Additional Flexibility For Local Officials

  • The bill would give municipalities the option to set up secure drop boxes for mail-in ballots.
  • The bill would allow election officials to pre-process mail-in and early voting ballots in advance of Election Day.
  • The bill would give municipalities discretion as to the use of a check-out list at a polling location.

Accommodations For People With Disabilities

  • The bill would allow a voter with disabilities to request accommodations from the Secretary of the Commonwealth to vote by mail for state elections.
  • Accommodations would include: electronic and accessible instructions, ballot application, ballot, and a voter affidavit that can be submitted electronically.

Jail-Based Voting Reforms

  • The bill would help ensure that individuals who are incarcerated who are currently eligible to vote are provided with voting information and materials to exercise their right to vote in every state primary and election.
  • The bill would require correctional facilities to display and distribute information about voting rights and procedures, as prepared by the Secretary of the Commonwealth.
  • The bill would require correctional facilities to assist individuals who are incarcerated in registering, applying for and returning mail ballots.
  • The bill would ensure that individuals who are incarcerated are properly notified of their right to vote upon release and given the opportunity fill out a voter registration form.
  • The bill would allow individuals who were experiencing homelessness prior to incarceration to use the correctional facility address to register to vote.

Joining the Electronic Registration Information Center (ERIC)

  • The bill would require the Secretary of the Commonwealth to enter into an agreement with ERIC no later than July 1, 2022.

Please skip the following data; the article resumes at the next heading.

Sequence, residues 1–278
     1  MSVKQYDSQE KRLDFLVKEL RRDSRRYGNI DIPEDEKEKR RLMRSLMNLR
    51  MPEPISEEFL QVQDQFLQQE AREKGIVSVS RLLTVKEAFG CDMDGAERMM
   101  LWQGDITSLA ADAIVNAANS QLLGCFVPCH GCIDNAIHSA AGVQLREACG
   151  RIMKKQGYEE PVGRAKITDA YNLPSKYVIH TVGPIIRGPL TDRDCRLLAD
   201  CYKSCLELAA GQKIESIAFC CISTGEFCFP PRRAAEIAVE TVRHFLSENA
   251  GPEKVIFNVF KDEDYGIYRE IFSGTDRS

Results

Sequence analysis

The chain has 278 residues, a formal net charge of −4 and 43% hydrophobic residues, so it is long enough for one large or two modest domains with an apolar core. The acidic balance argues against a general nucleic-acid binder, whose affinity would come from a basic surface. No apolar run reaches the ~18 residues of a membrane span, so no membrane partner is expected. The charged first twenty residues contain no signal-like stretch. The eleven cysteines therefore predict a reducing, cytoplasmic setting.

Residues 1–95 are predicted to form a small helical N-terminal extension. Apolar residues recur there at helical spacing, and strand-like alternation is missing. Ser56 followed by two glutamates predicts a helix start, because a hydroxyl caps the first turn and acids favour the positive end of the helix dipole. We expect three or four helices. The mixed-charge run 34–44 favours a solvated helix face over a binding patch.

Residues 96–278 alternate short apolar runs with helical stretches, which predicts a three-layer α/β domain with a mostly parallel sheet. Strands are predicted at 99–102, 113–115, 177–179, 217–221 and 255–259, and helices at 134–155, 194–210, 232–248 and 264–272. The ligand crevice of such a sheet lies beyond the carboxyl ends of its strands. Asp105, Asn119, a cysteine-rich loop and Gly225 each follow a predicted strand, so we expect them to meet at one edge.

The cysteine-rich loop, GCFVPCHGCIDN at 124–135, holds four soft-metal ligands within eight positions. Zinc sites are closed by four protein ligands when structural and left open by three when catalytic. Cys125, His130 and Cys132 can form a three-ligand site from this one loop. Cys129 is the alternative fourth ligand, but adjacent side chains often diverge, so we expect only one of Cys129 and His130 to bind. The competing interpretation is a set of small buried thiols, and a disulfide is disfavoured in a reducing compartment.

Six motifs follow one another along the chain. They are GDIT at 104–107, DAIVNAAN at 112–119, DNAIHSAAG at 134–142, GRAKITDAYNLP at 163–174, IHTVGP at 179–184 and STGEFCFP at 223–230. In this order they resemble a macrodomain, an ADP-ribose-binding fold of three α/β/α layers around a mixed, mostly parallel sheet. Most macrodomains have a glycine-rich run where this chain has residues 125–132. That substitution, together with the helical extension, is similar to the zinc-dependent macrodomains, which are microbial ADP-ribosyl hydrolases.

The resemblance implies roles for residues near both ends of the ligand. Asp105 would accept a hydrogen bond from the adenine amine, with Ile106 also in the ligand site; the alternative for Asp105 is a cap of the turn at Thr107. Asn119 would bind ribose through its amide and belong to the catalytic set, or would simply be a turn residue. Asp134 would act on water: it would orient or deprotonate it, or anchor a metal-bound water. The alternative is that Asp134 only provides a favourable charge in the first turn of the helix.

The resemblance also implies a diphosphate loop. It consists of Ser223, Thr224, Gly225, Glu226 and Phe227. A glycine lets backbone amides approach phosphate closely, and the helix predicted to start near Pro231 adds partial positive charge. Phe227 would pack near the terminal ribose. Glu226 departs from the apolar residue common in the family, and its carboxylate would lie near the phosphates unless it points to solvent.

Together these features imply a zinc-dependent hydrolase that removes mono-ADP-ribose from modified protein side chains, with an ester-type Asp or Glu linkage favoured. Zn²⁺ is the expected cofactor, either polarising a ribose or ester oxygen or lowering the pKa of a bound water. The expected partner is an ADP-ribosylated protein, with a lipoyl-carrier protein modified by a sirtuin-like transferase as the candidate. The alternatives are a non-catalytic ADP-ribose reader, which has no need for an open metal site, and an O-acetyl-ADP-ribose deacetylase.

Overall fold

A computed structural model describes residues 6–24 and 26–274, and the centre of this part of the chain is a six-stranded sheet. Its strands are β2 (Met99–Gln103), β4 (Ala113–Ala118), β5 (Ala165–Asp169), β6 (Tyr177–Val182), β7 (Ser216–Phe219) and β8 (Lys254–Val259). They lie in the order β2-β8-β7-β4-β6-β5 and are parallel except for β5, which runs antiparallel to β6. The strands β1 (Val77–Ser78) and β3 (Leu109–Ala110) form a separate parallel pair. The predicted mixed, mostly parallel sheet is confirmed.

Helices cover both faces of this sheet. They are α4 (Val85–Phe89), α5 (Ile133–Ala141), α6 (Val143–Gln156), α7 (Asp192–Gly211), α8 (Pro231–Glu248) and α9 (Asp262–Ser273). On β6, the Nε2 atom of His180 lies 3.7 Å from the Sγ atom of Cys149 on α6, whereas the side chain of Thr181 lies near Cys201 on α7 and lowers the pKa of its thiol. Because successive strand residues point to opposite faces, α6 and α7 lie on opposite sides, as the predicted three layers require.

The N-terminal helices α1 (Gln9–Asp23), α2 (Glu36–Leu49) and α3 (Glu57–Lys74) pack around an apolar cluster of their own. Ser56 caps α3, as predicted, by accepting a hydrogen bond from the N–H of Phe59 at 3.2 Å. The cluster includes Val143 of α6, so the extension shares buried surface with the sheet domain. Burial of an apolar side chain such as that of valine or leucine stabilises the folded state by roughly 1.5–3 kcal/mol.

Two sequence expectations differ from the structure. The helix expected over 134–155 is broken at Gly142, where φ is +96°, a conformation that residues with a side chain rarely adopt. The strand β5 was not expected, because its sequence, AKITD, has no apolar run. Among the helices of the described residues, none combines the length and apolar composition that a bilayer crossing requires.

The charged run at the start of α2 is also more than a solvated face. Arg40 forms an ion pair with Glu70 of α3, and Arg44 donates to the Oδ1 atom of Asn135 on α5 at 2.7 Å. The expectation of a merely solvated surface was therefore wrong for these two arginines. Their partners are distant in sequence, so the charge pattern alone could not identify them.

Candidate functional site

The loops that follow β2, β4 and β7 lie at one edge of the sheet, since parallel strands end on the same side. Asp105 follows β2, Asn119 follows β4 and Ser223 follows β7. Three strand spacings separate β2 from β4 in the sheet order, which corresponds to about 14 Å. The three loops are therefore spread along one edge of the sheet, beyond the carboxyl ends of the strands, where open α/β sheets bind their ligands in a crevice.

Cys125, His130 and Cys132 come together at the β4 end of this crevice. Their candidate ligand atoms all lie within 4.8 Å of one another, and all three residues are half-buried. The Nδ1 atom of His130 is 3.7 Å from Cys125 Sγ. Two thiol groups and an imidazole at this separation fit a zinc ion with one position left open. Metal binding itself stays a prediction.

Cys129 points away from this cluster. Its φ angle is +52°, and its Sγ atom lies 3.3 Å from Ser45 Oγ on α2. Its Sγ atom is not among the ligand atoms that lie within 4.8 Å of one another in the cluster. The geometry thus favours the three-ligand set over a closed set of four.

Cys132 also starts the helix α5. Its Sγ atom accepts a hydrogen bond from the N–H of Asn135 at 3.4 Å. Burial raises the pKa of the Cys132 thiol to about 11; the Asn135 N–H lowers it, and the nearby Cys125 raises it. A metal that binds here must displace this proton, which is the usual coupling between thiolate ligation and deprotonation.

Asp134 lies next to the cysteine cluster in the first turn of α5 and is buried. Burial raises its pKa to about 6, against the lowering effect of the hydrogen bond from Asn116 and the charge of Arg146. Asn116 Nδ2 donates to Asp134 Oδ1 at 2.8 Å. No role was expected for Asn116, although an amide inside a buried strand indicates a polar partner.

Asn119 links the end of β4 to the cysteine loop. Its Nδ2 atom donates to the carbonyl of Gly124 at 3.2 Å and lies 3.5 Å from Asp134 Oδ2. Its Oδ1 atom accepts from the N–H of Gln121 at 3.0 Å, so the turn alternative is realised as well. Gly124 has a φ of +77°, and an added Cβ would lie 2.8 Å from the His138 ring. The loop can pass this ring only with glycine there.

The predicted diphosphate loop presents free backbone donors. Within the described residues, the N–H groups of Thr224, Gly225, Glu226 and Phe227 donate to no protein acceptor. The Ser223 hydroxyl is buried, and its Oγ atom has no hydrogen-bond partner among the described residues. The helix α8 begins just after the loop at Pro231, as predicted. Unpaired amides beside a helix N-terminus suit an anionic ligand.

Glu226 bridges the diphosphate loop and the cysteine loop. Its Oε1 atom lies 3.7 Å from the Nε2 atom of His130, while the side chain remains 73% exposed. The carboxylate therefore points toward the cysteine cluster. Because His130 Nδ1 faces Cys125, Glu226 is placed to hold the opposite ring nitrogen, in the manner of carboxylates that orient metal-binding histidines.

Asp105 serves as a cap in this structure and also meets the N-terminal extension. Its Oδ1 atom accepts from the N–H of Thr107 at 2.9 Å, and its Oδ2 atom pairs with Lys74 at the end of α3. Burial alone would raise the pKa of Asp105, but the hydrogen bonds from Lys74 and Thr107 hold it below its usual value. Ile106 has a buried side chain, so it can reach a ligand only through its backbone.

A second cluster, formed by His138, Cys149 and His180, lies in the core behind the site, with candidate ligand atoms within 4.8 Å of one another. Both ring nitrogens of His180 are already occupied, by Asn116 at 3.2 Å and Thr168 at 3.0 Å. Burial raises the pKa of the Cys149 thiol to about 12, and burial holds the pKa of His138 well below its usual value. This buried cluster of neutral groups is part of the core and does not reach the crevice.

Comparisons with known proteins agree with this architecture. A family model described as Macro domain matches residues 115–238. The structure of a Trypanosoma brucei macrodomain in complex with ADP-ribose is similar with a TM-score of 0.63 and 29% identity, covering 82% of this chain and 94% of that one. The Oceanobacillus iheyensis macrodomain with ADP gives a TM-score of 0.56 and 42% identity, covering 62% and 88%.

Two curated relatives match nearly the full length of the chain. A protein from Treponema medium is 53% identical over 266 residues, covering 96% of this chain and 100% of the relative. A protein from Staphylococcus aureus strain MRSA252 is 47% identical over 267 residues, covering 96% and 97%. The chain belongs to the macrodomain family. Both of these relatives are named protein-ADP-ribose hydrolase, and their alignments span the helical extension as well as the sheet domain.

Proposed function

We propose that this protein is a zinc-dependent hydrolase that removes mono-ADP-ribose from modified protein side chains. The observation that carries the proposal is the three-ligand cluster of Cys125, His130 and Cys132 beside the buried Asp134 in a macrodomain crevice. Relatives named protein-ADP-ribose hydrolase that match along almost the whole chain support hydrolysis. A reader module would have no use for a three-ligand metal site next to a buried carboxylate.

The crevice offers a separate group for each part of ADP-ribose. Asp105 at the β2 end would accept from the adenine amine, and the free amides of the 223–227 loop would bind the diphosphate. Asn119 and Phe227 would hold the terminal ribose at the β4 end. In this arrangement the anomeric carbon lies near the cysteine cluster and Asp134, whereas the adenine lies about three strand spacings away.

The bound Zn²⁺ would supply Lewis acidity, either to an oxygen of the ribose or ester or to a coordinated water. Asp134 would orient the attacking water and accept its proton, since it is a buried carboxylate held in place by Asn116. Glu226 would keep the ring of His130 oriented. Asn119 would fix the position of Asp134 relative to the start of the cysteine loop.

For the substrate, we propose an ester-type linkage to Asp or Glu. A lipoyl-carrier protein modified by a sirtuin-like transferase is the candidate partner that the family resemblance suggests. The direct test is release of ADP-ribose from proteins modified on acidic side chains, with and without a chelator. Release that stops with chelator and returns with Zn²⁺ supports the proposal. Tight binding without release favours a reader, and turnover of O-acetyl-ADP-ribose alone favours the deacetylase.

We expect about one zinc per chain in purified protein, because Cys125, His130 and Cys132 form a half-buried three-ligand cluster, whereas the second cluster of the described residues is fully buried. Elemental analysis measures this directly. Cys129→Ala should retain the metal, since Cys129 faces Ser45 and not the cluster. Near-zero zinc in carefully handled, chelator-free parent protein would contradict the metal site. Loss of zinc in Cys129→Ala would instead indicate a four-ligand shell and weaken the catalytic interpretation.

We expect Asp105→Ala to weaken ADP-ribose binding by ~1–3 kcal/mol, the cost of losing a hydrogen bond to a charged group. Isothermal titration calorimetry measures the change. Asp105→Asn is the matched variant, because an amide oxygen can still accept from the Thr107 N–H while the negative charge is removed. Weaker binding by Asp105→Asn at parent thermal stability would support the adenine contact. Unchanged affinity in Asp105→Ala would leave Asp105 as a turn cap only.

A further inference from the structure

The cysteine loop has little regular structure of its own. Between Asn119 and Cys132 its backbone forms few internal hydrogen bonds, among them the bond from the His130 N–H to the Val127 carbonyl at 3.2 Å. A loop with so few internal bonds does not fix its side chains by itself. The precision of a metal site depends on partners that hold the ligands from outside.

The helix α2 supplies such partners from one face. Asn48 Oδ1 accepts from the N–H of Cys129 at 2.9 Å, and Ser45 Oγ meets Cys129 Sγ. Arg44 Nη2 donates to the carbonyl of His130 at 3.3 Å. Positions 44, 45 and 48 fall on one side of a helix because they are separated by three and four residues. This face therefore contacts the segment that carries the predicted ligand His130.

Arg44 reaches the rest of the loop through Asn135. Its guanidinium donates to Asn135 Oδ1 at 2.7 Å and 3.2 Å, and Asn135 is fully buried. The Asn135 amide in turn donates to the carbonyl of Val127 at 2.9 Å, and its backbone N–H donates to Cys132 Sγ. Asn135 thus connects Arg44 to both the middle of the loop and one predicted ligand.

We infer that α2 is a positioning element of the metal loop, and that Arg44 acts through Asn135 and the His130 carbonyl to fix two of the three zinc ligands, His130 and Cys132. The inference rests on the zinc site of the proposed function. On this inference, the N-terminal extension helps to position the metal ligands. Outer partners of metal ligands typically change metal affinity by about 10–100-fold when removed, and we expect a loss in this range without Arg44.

Massachusetts Service Members Oversea Voting Access

  • The bill targets vote-by-mail access to U.S. service members residing overseas as it allows them to cast their vote electronically.

The bill would also instruct the Secretary of State to conduct a culturally comprehensive and linguistically diverse public awareness campaign to highlight the new voting and registration options.

Join the Conversation

7 Comments

  1. Will, this gave me a much-needed lift as the news of the day goes on. Glad you are our senator, always keeping us informed, and glad I live here. Thank you, and the state legislators who made this happen.
    John Millea

  2. In light of the many egregious limitations on voting in so many states across the country, this bill takes all the right steps in making sure that all our citizens can exercise their constitutional right to vote.

  3. May I request a clarification on jail-based voting? Is it correct that, currently in Massachusetts, people who are incarcerated for a felony cannot vote, although they regain the right to vote upon release, and people who are incarcerated for misdemeanors can vote while incarcerated?

  4. This is excellent! Thanks for keeping up the effort. I wish more constituents had a champion for real democracy such as yourself.